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The Greatest Building: “If I Had To Pick One Tower, It Wouldn’t Be the Empire State Building”

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Dubbeldam: It’s hard to pick a single tower. I love the Wall Street area, where you have this huge field of skyscrapers so close to each other—that, to me, is typical of New York. And if I had to pick one tower, it actually wouldn’t be the Woolworth Building, or the Chrysler Building, or the Empire State Building. It would be the little black Millennium Hilton Hotel on Church Street, right near the World Trade Center. It’s not easy to make a black tower, and it’s perfectly detailed.

Davidson: Well, that’s a surprise. If you were going to choose one perfectly detailed modernist tower, wouldn’t it be the Seagram Building?

Pasquarelli: It’s the icon that got replicated most. When you bring people to see it, they often say “Huh? I’ve seen that building in every city in America.” But then you talk about the tripartite division, which relates to the Racquet Club across the street, the quality of the materials, the proportions, the elegant positioning. And you compare it to the bad bronze knockoffs, and people start to understand.

Bergdoll: The Seagram Building was supposed to be exceptional, but it became a template for lots of other buildings. Its brilliance is not the tower, but in the lower parts that define a sequence of landscape elements with different entrances, stairs, and levels.

Stern: In the end, though, it destroyed its own raison d’être by causing everybody to tear down everything next to it.

Davidson: So is one criterion for evaluating a building’s New Yorkiness how much it transforms its surroundings?

Stern: Not necessarily. The Guggenheim didn’t spawn one bit of development on the Upper East Side. It’s still a dull neighborhood. And the New Museum didn’t change the Bowery; it was riding a trend.

Tschumi: It was following the Lower East Side art world.

Bergdoll: We tend to think of the New Museum as connected to artists, but it’s also connected to collectors. It’s a big business. Really, the New Museum is a brilliant rewrite of the Whitney, which also followed the art world. Both opened up the sidewalk and changed the dynamic of the skyline.

Davidson: It’s interesting that such a small structure still has the capacity to do that. But do you think that anything new could ever compete with Grand Central for the title of best building?

Dubbeldam: Sometimes I wonder why there is not more architectural ambition in the city. Look at the Williamsburg waterfront, where they changed the zoning and put up all these atrocious high-rises.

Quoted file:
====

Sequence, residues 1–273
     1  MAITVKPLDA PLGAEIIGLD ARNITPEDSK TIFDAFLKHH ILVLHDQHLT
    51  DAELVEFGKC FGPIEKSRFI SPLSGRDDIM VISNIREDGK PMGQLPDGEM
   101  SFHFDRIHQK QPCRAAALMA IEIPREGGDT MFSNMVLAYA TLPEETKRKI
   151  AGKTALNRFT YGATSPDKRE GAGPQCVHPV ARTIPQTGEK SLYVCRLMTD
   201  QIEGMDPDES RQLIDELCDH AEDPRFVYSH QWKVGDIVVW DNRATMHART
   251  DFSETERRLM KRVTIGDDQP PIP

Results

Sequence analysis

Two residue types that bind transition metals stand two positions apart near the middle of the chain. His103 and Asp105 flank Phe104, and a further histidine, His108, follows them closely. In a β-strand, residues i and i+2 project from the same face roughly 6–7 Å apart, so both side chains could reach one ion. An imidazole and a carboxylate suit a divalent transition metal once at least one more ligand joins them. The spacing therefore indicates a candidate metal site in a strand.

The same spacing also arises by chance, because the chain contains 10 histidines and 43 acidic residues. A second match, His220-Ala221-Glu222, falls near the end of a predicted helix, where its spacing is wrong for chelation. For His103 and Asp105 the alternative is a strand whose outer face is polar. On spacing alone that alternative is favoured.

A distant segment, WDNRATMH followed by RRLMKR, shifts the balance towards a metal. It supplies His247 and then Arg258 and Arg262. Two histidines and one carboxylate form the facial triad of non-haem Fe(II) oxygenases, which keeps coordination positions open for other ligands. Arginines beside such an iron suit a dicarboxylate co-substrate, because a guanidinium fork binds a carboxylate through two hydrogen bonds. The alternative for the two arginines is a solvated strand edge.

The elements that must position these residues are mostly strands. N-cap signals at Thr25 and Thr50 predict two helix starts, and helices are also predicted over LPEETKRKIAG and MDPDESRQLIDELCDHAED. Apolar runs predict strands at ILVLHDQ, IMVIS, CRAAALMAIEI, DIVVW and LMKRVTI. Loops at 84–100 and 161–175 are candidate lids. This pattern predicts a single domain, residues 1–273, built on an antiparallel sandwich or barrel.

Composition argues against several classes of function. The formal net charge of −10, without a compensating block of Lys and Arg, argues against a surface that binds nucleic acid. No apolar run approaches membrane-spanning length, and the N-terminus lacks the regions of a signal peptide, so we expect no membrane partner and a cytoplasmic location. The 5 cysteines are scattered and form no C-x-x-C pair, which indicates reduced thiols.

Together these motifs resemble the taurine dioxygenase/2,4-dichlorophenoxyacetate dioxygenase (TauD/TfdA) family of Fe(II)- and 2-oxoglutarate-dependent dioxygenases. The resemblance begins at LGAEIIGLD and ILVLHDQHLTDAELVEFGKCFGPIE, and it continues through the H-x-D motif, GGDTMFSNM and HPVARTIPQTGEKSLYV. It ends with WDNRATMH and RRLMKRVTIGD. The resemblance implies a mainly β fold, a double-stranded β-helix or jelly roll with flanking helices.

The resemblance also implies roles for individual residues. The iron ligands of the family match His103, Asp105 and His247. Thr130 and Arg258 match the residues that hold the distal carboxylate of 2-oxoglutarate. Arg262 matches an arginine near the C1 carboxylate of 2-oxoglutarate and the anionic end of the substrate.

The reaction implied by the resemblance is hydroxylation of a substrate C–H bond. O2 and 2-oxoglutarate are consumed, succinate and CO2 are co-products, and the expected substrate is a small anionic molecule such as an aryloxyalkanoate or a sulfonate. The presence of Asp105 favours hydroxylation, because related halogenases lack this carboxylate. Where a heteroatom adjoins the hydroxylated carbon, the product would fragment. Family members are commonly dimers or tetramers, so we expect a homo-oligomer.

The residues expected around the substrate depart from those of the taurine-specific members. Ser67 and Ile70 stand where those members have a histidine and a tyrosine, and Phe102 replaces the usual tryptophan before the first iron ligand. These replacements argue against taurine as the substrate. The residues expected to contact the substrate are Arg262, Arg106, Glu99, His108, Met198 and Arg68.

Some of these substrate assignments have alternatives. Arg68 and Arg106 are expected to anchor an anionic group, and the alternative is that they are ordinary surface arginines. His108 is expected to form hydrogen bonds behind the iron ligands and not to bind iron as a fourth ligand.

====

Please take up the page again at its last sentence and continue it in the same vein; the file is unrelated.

Stern: These buildings are sold for their views. You’re paying for windows and a wall, and everyone is looking out all the time.

Dubbeldam: But they know people are looking at these things, right?

Cipolla: Decision-making has to be streamlined. Forty or 50 years ago, you had two or three people in a room deciding they want to build something, and off it went. Now we have much more bureaucracy and regulation, which has the effect of dumbing down design.

Davidson: What really good buildings from New York’s past couldn’t be built under current regulations?

Pasquarelli: Most of them! The Chrysler Building, Rockefeller Center, Central Park, Grand Central Terminal, the U.N. The Empire State Building—if you tried now to put a 100-story building in a neighborhood that was mostly ten-story buildings, you wouldn’t get very far.

Genevro: I disagree that there’s a problem with bureaucracy. Over the past ten years, we’ve gotten a lot of really, really good public design. If you want to do good design in New York, you can.

Dubbeldam: The biggest urban reinvention I’ve seen is Hudson River Park, which changed the West Side from a place of prostitution, burned-out cars, and traffic to a place where people started biking, walking, and sitting. It started with just a little bike strip, then came buildings, cafés, restaurants.

Pasquarelli: But the Bloomberg administration has raised the level of design. Ten years ago, developers just wanted to fit in. Now clients are asking us, “What’s the best building you can do?”

Tschumi: To what extent is that related to 9/11?

Pasquarelli: It’s directly related.

Davidson: How?

Tschumi: The shock and the drama affected everything, including architecture.

Davidson: The shock of destruction?

Tschumi: And the drama of how to replace it. The discussion went from the sublime to the ridiculous, but it put architecture on the map.

Cipolla: People started talking about architecture. Suddenly, we thought about how we lived and worked. On 9/11 I was on the 41st floor, and I had never thought about that before. Later, I moved to the eleventh floor, albeit subconsciously.

Davidson: One criticism of the Twin Towers before 9/11 was that they didn’t belong in New York.


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